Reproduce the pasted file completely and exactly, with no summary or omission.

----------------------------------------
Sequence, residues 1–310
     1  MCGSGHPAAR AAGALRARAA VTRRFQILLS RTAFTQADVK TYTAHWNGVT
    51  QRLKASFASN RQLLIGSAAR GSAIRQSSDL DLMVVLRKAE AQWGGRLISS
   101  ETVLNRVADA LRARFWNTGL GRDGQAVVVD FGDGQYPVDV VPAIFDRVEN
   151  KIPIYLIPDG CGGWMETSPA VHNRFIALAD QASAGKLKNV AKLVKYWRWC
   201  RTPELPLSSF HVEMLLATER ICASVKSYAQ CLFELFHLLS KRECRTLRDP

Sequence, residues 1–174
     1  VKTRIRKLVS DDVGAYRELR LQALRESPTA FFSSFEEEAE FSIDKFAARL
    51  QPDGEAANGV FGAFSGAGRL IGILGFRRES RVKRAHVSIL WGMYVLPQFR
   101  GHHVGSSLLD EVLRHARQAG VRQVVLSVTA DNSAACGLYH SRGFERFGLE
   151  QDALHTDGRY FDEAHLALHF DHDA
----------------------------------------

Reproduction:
Sequence, residues 1–310
     1  MCGSGHPAAR AAGALRARAA VTRRFQILLS RTAFTQADVK TYTAHWNGVT
    51  QRLKASFASN RQLLIGSAAR GSAIRQSSDL DLMVVLRKAE AQWGGRLISS
   101  ETVLNRVADA LRARFWNTGL GRDGQAVVVD FGDGQYPVDV VPAIFDRVEN
   151  KIPIYLIPDG CGGWMETSPA VHNRFIALAD QASAGKLKNV AKLVKYWRWC
   201  RTPELPLSSF HVEMLLATER ICASVKSYAQ CLFELFHLLS KRECRTLRDP

Sequence, residues 1–174
     1  VKTRIRKLVS DDVGAYRELR LQALRESPTA FFSSFEEEAE FSIDKFAARL
    51  QPDGEAANGV FGAFSGAGRL IGILGFRRES RVKRAHVSIL WGMYVLPQFR
   101  GHHVGSSLLD EVLRHARQAG VRQVVLSVTA DNSAACGLYH SRGFERFGLE
   151  QDALHTDGRY FDEAHLALHF DHDA